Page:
The Genomic Basis of Noise-induced Hearing Loss: A Literature Review Organized by Cellular Pathways

    loading  Checking for direct PDF access through Ovid

Abstract

Objective:

Using Reactome, a curated Internet database, noise-induced hearing loss studies were aggregated into cellular pathways for organization of the emerging genomic and epigenetic data in the literature.

Data Sources:

PubMed and Reactome.org, a relational data base program systematizing biological processes into interactive pathways and subpathways based on ontology, cellular constituents, gene expression, and molecular components.

Study Selection:

Peer-reviewed population and laboratory studies for the previous 15 years relating genomics and noise and hearing loss were identified in PubMed. Criteria included p values <0.05 with correction for multiple genes, a fold change of >1.5, or duplicated studies.

Data Extraction and Synthesis:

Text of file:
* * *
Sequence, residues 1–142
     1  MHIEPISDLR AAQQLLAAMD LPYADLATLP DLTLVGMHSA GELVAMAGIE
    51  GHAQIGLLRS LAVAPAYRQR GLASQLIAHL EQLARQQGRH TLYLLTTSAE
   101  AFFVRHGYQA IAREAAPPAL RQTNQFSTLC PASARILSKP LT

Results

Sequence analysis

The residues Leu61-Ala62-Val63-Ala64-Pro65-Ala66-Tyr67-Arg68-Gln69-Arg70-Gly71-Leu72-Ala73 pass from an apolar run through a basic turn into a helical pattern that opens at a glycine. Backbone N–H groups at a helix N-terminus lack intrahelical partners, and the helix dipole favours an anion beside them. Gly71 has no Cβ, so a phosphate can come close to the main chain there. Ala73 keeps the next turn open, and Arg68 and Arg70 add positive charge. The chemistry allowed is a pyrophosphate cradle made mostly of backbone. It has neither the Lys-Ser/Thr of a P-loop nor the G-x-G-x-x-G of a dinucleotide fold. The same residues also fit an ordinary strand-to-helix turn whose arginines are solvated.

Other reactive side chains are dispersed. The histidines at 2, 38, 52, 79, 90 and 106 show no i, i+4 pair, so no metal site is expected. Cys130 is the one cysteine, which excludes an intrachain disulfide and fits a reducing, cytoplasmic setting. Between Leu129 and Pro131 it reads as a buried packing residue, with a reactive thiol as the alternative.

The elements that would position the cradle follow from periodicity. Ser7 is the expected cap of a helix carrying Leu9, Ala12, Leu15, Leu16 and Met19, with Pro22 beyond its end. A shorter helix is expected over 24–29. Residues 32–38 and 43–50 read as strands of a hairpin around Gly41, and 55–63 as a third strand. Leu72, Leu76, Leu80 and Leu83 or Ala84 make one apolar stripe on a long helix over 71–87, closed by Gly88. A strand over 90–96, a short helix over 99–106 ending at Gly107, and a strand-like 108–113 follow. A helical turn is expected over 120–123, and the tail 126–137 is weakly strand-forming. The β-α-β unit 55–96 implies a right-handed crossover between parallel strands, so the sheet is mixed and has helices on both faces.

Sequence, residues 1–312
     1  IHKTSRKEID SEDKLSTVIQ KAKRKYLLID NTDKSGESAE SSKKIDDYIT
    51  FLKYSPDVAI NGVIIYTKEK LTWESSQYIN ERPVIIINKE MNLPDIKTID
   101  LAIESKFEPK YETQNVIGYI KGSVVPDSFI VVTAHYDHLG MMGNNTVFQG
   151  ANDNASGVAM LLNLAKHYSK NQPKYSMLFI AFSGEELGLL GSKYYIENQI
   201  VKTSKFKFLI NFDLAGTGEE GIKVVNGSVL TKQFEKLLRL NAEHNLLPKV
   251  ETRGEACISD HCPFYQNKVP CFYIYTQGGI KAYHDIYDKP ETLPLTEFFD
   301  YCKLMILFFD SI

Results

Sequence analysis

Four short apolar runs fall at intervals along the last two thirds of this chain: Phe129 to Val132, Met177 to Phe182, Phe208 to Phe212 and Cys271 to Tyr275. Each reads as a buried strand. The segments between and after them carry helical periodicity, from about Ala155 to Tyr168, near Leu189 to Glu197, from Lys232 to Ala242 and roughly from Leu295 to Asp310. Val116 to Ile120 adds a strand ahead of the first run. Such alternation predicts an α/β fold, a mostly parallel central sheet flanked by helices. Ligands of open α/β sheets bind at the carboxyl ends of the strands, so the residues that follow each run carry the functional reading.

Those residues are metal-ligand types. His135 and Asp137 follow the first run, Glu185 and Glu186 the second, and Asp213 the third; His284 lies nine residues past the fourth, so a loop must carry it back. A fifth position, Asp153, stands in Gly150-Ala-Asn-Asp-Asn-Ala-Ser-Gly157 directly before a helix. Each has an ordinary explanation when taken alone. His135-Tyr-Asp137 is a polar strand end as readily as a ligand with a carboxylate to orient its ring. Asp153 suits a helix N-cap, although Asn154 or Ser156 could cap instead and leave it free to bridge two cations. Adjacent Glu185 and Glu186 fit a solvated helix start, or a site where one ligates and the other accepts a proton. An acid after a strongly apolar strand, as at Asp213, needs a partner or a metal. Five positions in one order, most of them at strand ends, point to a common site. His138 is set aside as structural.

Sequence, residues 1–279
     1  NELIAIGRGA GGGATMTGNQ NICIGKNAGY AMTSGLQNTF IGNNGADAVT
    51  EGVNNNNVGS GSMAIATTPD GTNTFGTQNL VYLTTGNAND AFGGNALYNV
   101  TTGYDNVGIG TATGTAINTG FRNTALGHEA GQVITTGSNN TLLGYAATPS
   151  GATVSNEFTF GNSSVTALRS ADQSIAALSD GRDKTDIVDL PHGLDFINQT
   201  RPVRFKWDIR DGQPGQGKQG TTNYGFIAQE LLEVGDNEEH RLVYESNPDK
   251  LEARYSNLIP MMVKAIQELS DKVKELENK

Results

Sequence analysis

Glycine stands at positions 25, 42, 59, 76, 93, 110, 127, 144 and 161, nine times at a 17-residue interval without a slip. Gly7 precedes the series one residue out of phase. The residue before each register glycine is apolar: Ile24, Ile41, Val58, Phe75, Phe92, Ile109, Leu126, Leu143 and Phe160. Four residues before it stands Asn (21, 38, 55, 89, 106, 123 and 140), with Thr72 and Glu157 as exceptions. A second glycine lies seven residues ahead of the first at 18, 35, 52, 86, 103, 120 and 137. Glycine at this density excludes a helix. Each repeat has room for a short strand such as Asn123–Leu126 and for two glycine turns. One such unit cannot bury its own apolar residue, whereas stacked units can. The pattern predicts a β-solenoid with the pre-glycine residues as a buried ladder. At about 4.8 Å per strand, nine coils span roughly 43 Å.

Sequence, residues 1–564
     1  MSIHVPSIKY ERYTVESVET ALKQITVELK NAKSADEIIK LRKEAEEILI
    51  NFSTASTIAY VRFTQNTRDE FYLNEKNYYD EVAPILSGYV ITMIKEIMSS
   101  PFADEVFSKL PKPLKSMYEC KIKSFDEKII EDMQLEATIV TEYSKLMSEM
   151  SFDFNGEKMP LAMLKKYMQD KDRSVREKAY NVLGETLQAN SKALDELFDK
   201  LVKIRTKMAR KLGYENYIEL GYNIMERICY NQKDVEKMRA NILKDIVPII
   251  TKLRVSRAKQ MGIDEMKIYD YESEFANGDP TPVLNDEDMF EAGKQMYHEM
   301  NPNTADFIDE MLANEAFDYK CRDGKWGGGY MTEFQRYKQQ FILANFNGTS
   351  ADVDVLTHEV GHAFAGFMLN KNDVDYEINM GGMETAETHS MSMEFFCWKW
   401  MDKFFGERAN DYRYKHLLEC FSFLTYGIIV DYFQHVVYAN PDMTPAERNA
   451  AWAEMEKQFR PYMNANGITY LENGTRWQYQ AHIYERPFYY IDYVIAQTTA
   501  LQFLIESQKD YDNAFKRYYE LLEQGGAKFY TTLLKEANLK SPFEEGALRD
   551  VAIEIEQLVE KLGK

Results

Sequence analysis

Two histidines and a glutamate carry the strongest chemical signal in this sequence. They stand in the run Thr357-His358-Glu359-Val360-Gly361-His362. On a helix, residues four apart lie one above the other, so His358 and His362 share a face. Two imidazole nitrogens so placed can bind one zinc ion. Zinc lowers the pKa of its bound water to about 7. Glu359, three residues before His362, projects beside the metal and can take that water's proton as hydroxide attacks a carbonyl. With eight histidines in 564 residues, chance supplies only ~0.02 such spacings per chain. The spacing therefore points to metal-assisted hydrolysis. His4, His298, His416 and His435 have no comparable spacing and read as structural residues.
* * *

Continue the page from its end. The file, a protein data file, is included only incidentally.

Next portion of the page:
One-hundred fifty-eight unique HGNC identifiers from 77 articles met the selection criteria, and were uploaded into the analysis program at http://reactome.org. These genes participated in a total of 621 cellular interactions in 21 of 23 pathways. Cellular response to stress with its attenuation phase, particularly in response to heat stress, detoxification of ROS, and specific areas of the immune system are predominant pathways identified as significantly "overrepresented" (p values <0.1e-5 and false discovery rates <0.01).

Conclusion:

Twenty-one of 23 of the designated pathways in Reactome have significant influence on noise-induced hearing loss, signifying a confluence of molecular pathways in reaction to acoustic trauma; however, cellular response to stress, including heat shock response, and other small areas of immune response were highly overrepresented. Yet-to-be-explored genomics areas include miRNA, lncRNA, copy number variations, RNA sequencing, and human genome-wide association study.

Related Topics

    loading  Loading Related Articles